Months of recovery

The three surviving horses are being cared for by Habitat for Horses and are doing well, said Susan Moore, lead investigator with the organization.

Jerry Finch, president and founder of Habitat for Horses, said it could take six months before the horses “even appear to be a normal horse.”

“We are going on a very slow re-feeding schedule with them,” he said.

Finch said that if horse owners are running into problems, the organization is available to help.
“But we are not going to put up with skinny and dying horses in this county,” he said.

During the hearing, Altamirano broke down and began to cry, telling the judge he was just as troubled as everyone else by the condition of the horses.

“You might not believe me, but it does hurt to know that my animals were in that bad condition,” Altamirano said. “I do love them. Like I said, my best was not good enough, but I never abandoned them. I never abused them. I never treated them wrong. I am very sad to find out that they died.”

How to help

Donations are being accepted by Habitat for Horses to help cover the cost of the horses’ care. Call 409-935-0277.

Contact reporter Christopher Smith Gonzalez at 409-683-5314 or chris.gonzalez@galvnews.com.

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AUTHOR: Posted by Habitat for Horses Calaway
7 Comments
  • V. Fisher

    Crocodile tears and forked-tongue syndrome I think. String ’em high!

    R.I.P little ones.

    January 15, 2014
  • Maggie Frazier

    This owner seems to have all the correct words. But how anyone – horse person or not – could look at these poor babies & not SEE? And the Barn owner – saying they weren’t looking well?? I have to assume that this guy was just renting the barn & was responsible for the care of his own horses. I just do not understand any human being allowing this to go to this extreme. Especially when there ARE organizations (yours) that would help.

    January 15, 2014
  • Margaret

    This guy’s best was poor at best. Horses died on his watch. I don’t know what this food was that he fed every other day but you don’t feed horses every other day. That’s like you feeding your kids every other day.

    There are BOOKS on feeding. There are outreach programs at universities where you can have your pastures tested for nutrition values. What your pastures lack nutritionally you make up for with supplemental feed. Now how come I know this and I don’t own horses???? Because I bother to READ books.

    I saw HoneyBandit about 10 days after Palomino got him from BLM. That little guy was the saddest sack of skin and bones you’d ever see. Palomino moved her bed into the garage and her life. She was with him 24/7 for months. She set her watch every two hours to get up and turn Bandit so he wouldn’t get sores.

    I was with Palomino when she took Bandit to the vets. A couple days before some of his levels were really high and they thought they’d lose him. But Bandit fought like the champ he is. From deaths door–two days later ALL his blood values were normal. Instead of going to the vets everyday for this and that–he was going to go 4 whole days without any vet supervision! And the vet told me when I asked–she said he was closer to a 1.5! He had gained a few pounds! It was a step.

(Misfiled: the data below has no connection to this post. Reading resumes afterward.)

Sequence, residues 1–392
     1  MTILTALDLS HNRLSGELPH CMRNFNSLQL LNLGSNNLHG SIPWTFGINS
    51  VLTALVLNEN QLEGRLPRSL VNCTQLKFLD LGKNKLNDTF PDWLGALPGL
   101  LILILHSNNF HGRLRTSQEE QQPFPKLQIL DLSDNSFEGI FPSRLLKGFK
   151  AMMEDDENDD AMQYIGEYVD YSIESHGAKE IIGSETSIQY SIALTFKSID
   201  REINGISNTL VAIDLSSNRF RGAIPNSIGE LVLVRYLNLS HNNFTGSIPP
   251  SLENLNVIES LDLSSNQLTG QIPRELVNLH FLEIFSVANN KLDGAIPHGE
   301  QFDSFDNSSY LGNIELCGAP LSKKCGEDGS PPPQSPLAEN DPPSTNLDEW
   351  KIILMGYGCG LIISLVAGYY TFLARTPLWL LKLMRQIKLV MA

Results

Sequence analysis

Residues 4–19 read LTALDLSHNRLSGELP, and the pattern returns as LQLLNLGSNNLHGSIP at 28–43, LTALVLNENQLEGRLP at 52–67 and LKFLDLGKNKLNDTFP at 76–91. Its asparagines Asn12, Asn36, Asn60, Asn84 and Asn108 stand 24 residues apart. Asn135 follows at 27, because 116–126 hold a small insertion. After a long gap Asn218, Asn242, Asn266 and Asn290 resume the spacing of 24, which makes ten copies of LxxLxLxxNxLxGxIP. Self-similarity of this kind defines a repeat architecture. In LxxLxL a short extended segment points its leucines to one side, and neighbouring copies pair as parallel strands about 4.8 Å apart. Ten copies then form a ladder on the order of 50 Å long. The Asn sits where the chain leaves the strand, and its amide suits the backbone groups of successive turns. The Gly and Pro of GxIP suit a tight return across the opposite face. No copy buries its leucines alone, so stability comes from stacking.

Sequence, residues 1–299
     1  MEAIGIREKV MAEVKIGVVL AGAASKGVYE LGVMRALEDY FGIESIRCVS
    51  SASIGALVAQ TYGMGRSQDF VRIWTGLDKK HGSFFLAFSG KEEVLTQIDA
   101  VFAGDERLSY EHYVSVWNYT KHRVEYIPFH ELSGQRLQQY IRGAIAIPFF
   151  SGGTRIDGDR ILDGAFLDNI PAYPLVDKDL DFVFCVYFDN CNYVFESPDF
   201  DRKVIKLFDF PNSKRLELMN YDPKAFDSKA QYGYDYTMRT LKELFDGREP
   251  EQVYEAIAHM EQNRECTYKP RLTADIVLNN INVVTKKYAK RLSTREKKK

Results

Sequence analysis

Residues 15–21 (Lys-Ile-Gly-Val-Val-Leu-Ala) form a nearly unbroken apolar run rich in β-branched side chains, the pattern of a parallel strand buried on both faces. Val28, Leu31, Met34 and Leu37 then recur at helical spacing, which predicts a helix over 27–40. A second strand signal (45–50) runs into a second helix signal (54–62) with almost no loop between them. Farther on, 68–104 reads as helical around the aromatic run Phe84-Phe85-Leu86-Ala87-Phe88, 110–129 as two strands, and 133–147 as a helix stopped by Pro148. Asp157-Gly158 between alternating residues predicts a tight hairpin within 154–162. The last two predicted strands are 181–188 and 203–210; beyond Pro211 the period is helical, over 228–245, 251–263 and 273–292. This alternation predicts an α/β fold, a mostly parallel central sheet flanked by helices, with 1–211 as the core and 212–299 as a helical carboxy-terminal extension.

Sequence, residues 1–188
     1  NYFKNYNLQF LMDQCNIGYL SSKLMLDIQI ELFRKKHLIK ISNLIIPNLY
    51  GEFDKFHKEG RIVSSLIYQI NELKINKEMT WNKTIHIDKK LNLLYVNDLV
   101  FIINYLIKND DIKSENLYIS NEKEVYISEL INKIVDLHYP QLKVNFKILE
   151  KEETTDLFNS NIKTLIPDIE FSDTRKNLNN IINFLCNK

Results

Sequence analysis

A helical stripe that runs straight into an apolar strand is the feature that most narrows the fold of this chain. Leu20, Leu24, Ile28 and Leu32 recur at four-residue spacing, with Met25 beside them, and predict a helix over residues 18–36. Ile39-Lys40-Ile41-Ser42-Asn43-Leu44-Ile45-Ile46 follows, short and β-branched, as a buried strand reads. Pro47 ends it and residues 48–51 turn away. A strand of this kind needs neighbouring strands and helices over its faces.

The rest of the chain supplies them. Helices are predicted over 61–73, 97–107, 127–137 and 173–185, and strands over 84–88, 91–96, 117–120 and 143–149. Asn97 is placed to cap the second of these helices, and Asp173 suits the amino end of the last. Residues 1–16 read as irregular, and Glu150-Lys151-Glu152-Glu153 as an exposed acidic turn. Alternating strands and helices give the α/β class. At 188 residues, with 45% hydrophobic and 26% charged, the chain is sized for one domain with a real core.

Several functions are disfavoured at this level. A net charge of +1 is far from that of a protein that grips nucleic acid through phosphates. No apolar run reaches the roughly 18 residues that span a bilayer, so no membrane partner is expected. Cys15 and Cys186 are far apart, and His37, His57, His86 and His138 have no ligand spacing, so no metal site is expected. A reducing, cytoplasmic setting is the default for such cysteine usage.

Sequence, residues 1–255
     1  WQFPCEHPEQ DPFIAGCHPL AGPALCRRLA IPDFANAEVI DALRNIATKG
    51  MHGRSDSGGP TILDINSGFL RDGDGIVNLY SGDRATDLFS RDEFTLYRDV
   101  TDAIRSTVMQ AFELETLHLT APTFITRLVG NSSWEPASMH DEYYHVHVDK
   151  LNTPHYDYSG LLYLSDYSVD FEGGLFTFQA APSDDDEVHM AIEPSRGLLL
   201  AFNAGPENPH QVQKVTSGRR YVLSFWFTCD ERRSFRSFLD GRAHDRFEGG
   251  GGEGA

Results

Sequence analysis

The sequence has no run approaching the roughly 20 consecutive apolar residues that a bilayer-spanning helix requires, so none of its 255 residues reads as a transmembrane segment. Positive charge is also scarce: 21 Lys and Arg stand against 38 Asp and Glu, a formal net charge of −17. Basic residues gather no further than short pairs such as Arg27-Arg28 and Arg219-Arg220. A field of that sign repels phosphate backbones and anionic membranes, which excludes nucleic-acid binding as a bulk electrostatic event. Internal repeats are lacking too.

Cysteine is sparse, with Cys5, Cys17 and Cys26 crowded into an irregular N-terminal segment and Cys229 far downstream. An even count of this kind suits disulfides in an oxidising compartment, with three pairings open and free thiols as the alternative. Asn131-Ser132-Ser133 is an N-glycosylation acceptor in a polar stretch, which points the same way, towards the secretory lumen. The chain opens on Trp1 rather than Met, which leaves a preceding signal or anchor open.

Want to follow day by day blog about a little mare who was also darn near starved to death? You can see pictures and hear day to day struggles, volunteers who stayed, the joy of watching little Betsy Rose learn to walk in her mobile sling with help. Betsy finally looks like a pony. It has been a LONG 6/7 months. Beauty’s Haven.

    And sadly what little Betsy had to go through these horses will go through pretty much the same thing.

    This guy needs to attend some kind of Pony Club classes that address horsemanship. It isn’t enough to ride and to own horses. You have to do the “real” work. Horsemanship is about learning the day to day in and out stuff on horse ownership. Mucking stalls, cleaning tack, grooming, vet care, farrier and FEEDING. This guy does not know more than a vet. He simply didn’t want a vet to see his horses in this condition because he knew those horses would be confiscated and he’d be charged with animal cruelty. Thankfully he still got busted anyway. And his excuses are worthless in my book cause he didn’t even try.

    January 15, 2014
  • susan rudnicki

    ‘what a bunch of crocodile tears!! The guy looks like he has not missed any meals—seems he notices what it feels like to be hungry. So, he can’t notice lethargy, protruding bones, or what others feed their horses? Strikes me as pathetically oblivious and looking for sympathy. I bet he did more research to buy his cell phone than what he claims to have done to address horrific abuse and neglect.

    January 15, 2014
  • sherriey

    …he was crying? over the loss of his horses??? BULLS#$%! he was crying about being caught and fined and having his mug on the news! self pity party! poor me!!!
    what about them???? what about the suffering they have gone thru??? this didn’t happen in a day….whats wrong with going to an authoritative figure and ask questions why they were not doing well….that is if indeed he was at all concerned about why they lost weight.(Yeah! Right!)whats wrong with getting them Vetted when they started to lose weight in November last????
    and another thing…why the hell didn’t the stable manager/owner step in before they went down? why didn’t that person do something before it was too late??? why didn’t they call the law earlier on? WTF!
    you can bet if they were boarded at my place that this would have never happened…his butt would have been in a heap of trouble and his horses would have been turned over to the ASPCA way before they looked like that or have gone down!
    …and….if the idiot couldn’t have afforded food….then there are rescues that would have helped!
    this whole thing makes me sick!!!!!!!!!!!!

    he and his girlfriend don’t look like they miss many meals….now do they???!!!

    i am so pissed!!!

    January 15, 2014
  • Nancy B

    The sixth horse this guy still has needs to be removed from his care (care?!)

    January 16, 2014
  • j

    he is heading for the South border soon.

    January 16, 2014